different from other types of intolerances and could be resolved. That would explain why I could barely
    even eat bland food at first in 2005 when I "think" I became a celiac. I had the ultimate leaky gut.
    And why I was able to
    include most meats, fruits and veggies in my diet after about a year on the gfcf, etc free diet too.

    I "think" the fact that I'm still getting new intolerances means I still have or get leaky gut regularly. I'm a celiac so
    gluten will cause this for me each time
    I'm exposed. And there's too many possible sources of gluten contamination for me to keep up with.

    I hope this makes sense so far. I need to look at what else you said. This parasite treatment is wearing me out. Thanks again.. x
     
  4. alex3619

    alex3619 Senior Member

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    Intolerances are different from allergies. Allergies rarely go away though they can reduce - they are immune driven by mast cells and sometimes B cells.

    Intolerances, as I understand them, are biochemical. I use amine and salicylate intolerances as my model. The body can adapt to them. Small controlled amounts of an intolerant substance will in most people result in improved tolerance over time. However, large doses are a problem. The other issue is that a small dose for someone might be a huge dose for someone else - our tolerance varies. In addition if the levels of the chemicals needed to tolerate a particular substance go down for any reason, you will develop sudden intolerance. Similarly if those chemicals are restored the intolerance will vanish.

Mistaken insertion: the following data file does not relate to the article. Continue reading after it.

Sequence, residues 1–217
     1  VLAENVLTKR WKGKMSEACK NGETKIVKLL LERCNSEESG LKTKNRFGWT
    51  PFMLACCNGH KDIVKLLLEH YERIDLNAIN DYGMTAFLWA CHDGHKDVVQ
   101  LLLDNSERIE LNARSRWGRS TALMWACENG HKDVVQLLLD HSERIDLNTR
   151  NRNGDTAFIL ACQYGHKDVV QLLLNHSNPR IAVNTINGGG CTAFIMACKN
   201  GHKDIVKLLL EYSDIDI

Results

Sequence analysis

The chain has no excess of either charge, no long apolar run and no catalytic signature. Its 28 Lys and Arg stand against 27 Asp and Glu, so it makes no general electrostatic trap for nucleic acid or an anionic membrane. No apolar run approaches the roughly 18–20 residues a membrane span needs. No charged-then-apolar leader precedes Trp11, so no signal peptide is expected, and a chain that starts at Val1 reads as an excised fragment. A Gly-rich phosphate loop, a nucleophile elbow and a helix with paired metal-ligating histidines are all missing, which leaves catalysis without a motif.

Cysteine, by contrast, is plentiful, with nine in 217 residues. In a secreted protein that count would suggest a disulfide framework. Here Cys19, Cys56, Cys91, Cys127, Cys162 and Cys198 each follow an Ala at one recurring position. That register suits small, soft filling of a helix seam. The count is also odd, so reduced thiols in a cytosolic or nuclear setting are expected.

In the case of salicylates low glutathione is the primary issue. Not only is it needed for detox, but glutathione is the primary regulator of a group of enzymes called the desaturases. The best indication of high desaturase capacity is high levels of reduced glutathione - but low levels of glutathione predict poor desaturase activity. Two of these desaturases. d5d and d6d are responsible for early stage conversion of essential fats to longer fats needed to make essential hormones called eicosanoids.

    Amine tolerance is a little different. It involves direct activation of the nervous system.

    So chemical and enzyme issues lead to hormonal imbalances and neurological imbalances, which drive symptoms. Both can occur in only seconds as well. In the case of neurological triggers this is kind of obvious, but in the case of salicylates you have to look at the half lives of eicosanoids. Some last only seconds. So once the enzymes are targeted then you run out of some hormones in only seconds. These are local hormones though, so the effect will be felt in the parts of the body relying on that specific hormone type - and a wide range of eicosanoids will be affected.

    For many foods the body can adapt. If insufficient capacity exists via enzymes or whatever, the body can make more - but only if you continue to eat the food to continue to trigger the response. Total avoidance of food can restore balance temporarily, but the enzymes necessary to cope might be down regulated and if you come into contact with the intolerant substance you might get a severe reaction.

    In the case of food intolerances in MCS for example, some find that cooking a food different ways produces different results. Cooking alters the chemicals in the food. Cook it a different way and tolerance may be different.

    One final point. Chemical intolerances are dose dependent. If a low dose is within capacity to cope there will be no symptoms unless coping with them causes depletion of essential chemicals. At that point symptoms will appear. At some dose it can immediatley overwhelm the enzyme systems in vulnerable people. The more you ingest over this threshold, the worse the reaction.

    Bye, Alex

    PS I missed out something important, doh. Salicylates attack the desaturases.
     
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  5. xchocoholic

    xchocoholic Senior Member

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    Thanks alex.

    I actually understand this. I had no idea how complicated it was tho and that hormones would
    be involved. It pulls together the tests my integrative doctor has run for me tho. Based on what you've